The major findings were as follows: (a)No single strategy can resolve the malaria problem. It has to be tackled with a combination of control measures tailored to the local setting. (b) For the success of community-based programmes of malaria control, it is necessary to know as a first step the community's socio-cultural background, based on perceptions about mosquitoes, disease transmission, breeding conditions of mosquitoes, and how best the communities can participate in the control efforts.(c)Economic development programmes such as dam construction, irrigation, or 'green revolution' technologies favour malaria. Any development project that alters pre-existing relationships between humans and their environment should be evaluated within an ecological framework.
This study was conducted by Lancy Lobo assisted mainly by Purendra Prasad and Babasaheb Kazi at CSS, Surat and resulted in the book, Malaria in the Social Context: A Study in Western India, Delhi: Routledge, 2010. Professor A.M. Shah ably supported in preparing the manuscript for publication.

03. Development Induced Displacement in Gujarat (1947-2004)
There has been much displacement of people in Gujarat as a result of the developmental efforts of the State, and it will increase under Special Economic Zones (SEZ) and Special Investment Regions (SIR). This study aimed at creating a database of the quantity of land acquired by the state during sixty years, the number of families displaced or otherwise affected, and their socio-economic status before and after displacement. To that end, the study does sub-regional as well as decadal analysis. It was carried out in three phases:(1) involved scanning 80,000 Gazette notifications under the various land acquisition laws during 1947-2004, to find out the quantum of land acquired during this period.(2) involved perusal of official documents from the district collectors’ record rooms; project sites; various ministries; studies by research and government organisations; and materials preserved in documentation centres in the Legislative Assembly, the State Secretariat, and the university and research libraries.(3) looked at a representative sample of persons displaced (DPs) or otherwise affected by the projects (PAPs) in 139 sites in order to analyse the resettlement and compensation, and the social and economic costs of displacement and rehabilitation, by the projects.
The study showed that nearly 2.5 million persons – 5 percent of the total population of the state – had lost their land and/or habitat, and fell in the category of DPs in post-independence Gujarat. The majority of them belonged to the powerless lower strata of society. Sixty percent of them were from tribal communities. Irrigation, transport, communication, and industries were the main development projects which had caused a large number of displacements. The narrative in most of the 139 displaced project sites across time, space and projects showed that the DPs were subjected to landlessness, joblessness, homelessness, marginalisation, food insecurity, increased morbidity and mortality, loss of access to common property, and social disintegration.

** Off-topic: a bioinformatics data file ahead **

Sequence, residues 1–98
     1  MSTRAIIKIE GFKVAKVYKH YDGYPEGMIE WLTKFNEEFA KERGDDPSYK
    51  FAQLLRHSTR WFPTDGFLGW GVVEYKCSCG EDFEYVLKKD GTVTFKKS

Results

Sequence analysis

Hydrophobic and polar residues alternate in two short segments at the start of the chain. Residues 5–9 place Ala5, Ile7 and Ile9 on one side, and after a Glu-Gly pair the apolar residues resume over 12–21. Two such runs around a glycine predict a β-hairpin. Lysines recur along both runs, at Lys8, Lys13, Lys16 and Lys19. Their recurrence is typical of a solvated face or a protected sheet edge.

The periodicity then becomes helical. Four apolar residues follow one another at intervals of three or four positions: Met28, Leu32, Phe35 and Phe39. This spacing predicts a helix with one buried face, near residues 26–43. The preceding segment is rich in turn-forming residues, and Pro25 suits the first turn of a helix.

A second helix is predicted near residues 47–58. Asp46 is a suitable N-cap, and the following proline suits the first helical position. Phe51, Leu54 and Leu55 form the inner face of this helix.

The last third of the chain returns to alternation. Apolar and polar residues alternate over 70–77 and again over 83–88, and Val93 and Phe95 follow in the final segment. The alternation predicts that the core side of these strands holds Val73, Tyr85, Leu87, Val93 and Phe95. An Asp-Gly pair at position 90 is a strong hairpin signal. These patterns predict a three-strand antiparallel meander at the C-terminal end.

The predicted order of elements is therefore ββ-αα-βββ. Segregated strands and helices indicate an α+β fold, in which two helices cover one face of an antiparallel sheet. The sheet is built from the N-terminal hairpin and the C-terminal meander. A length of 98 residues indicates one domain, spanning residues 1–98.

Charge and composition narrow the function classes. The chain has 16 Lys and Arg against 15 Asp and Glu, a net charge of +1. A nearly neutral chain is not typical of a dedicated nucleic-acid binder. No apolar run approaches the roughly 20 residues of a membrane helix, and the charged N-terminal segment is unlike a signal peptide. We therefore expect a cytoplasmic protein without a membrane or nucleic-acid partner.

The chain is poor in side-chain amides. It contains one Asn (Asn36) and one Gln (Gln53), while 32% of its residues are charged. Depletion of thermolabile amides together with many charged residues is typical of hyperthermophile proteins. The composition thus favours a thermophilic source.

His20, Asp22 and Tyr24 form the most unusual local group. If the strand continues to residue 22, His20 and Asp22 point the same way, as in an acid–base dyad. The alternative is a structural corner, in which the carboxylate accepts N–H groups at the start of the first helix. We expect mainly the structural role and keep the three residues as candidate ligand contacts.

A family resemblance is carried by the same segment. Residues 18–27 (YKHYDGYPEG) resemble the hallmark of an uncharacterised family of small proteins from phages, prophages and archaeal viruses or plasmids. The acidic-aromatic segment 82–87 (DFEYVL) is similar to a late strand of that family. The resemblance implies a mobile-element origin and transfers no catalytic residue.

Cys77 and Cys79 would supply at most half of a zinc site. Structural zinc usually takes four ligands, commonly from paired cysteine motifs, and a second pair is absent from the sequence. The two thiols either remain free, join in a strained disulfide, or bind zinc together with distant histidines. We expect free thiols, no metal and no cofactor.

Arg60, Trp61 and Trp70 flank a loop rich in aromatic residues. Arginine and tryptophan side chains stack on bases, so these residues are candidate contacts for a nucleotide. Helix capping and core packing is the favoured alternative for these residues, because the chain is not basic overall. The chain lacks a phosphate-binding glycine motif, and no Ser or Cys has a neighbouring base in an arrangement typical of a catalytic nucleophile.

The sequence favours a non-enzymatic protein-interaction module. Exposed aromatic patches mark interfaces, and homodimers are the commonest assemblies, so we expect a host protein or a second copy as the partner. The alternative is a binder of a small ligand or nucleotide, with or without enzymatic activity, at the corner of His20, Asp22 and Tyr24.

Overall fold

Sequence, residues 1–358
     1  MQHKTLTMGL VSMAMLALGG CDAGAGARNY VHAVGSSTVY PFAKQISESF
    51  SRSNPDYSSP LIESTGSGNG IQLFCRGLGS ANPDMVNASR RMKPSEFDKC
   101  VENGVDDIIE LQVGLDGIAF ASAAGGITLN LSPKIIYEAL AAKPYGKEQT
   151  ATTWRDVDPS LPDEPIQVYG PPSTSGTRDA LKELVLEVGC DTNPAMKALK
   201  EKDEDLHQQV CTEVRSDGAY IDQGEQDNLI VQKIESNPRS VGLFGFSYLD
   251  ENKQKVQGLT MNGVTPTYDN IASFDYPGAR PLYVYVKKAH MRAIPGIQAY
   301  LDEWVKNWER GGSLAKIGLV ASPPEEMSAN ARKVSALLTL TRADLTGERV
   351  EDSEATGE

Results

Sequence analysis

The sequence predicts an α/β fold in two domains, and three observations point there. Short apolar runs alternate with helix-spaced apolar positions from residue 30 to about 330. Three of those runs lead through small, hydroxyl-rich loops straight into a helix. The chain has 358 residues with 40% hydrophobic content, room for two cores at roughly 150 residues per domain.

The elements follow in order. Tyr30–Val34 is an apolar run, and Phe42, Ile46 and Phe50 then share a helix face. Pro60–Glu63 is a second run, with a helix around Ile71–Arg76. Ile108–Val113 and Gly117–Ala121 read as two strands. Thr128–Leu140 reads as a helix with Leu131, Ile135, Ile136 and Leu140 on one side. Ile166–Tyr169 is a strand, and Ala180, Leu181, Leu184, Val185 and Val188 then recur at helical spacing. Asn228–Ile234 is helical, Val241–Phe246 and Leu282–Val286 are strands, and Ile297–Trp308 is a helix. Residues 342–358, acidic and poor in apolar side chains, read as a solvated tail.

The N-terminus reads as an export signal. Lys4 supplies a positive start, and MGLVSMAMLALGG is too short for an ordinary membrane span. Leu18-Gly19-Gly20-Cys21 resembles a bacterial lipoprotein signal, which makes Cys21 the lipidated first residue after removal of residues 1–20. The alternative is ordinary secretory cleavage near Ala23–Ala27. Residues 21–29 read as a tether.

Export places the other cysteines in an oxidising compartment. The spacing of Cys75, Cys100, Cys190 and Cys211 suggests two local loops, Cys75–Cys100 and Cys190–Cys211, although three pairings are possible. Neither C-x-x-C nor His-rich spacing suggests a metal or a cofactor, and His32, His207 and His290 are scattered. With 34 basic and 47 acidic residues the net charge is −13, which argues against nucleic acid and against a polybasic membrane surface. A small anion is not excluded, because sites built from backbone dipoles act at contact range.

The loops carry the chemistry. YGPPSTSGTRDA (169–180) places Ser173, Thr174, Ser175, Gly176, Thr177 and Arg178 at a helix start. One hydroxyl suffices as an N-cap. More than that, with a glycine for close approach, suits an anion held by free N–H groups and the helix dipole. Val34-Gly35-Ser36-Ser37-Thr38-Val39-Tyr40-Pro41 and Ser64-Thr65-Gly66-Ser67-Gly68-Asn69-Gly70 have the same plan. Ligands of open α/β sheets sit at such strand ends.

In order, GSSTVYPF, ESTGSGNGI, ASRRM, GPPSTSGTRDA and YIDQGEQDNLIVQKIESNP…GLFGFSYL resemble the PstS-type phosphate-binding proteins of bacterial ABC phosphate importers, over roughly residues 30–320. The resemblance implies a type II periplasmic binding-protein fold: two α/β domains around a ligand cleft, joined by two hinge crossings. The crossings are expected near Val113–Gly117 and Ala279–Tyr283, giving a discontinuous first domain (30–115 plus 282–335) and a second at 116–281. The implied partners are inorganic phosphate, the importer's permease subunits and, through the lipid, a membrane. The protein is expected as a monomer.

The study suggested that (1) development-induced displacement should adhere to the principle of the 'larger good', which should not be decided arbitrarily by the state authority; (2) the affected community needs to be involved in the process, and its members have a decisive say in the 'development' project; and (3) the project should aim at reducing inequality, and enhancing freedom, economic opportunities, and the basis of self-respect.
This study was conducted by Lancy Lobo and Shashikant Kumar and resulted in the book, Land Acquisition, Displacement and Resettlement in Gujarat, 1947-2004, Delhi: Sage, 2009.

02. Poor in Urban India.
This is a combined product of two research studies taken up simultaneously: one, an exhaustive survey of Surat's slum dwellers, sponsored by the Surat Municipal Corporation, and the other, an intensive study of Panchsheel, one of the slums, sponsored by the Indo-Dutch Programme for Alternatives in Development (IDPAD). The setting for both was the fast-growing city of Surat. The portrayal involves, firstly, a description of slums in Surat, featuring their socio-economic characteristics and the extent of availability in them of some essential amenities; and secondly, an in-depth study of one slum for a deeper understanding of such spaces and the processes by which people living in them negotiate their social and economic lives. Based on such a macro and micro understanding of slums in Surat, the study culminates in the identification of relevant issues that need to be addressed while trying to gauge the nature of such habitations for purposes of research, policy making, and planning of urban spaces in the country. Though the studies were conducted by Lancy Lobo and Biswaroop Das at CSS, Surat, their publication work was done at CCD resulting in the book, Poor in Urban India, Jaipur: Rawat, 2001.

01. Anatomy and Geography of Riots: Gujarat 2002.